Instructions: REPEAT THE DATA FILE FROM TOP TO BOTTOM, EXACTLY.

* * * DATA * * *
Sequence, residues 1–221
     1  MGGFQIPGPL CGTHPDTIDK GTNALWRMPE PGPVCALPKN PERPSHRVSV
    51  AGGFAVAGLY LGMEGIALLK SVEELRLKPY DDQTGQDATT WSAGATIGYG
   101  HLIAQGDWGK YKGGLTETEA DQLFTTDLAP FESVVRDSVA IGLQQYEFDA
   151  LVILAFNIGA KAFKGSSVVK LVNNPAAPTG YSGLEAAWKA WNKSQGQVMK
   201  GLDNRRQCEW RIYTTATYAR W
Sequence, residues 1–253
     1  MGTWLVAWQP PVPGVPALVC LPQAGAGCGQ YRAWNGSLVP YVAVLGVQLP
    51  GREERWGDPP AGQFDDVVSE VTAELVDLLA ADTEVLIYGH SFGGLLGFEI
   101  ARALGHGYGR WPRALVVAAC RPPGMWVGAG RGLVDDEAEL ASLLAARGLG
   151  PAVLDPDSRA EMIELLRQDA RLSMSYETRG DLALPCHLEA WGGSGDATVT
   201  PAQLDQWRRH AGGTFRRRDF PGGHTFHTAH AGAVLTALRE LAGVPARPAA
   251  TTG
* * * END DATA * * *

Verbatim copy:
Sequence, residues 1–221
     1  MGGFQIPGPL CGTHPDTIDK GTNALWRMPE PGPVCALPKN PERPSHRVSV
    51  AGGFAVAGLY LGMEGIALLK SVEELRLKPY DDQTGQDATT WSAGATIGYG
   101  HLIAQGDWGK YKGGLTETEA DQLFTTDLAP FESVVRDSVA IGLQQYEFDA
   151  LVILAFNIGA KAFKGSSVVK LVNNPAAPTG YSGLEAAWKA WNKSQGQVMK
   201  GLDNRRQCEW RIYTTATYAR W
Sequence, residues 1–253
     1  MGTWLVAWQP PVPGVPALVC LPQAGAGCGQ YRAWNGSLVP YVAVLGVQLP
    51  GREERWGDPP AGQFDDVVSE VTAELVDLLA ADTEVLIYGH SFGGLLGFEI
   101  ARALGHGYGR WPRALVVAAC RPPGMWVGAG RGLVDDEAEL ASLLAARGLG
   151  PAVLDPDSRA EMIELLRQDA RLSMSYETRG DLALPCHLEA WGGSGDATVT
   201  PAQLDQWRRH AGGTFRRRDF PGGHTFHTAH AGAVLTALRE LAGVPARPAA
   251  TTG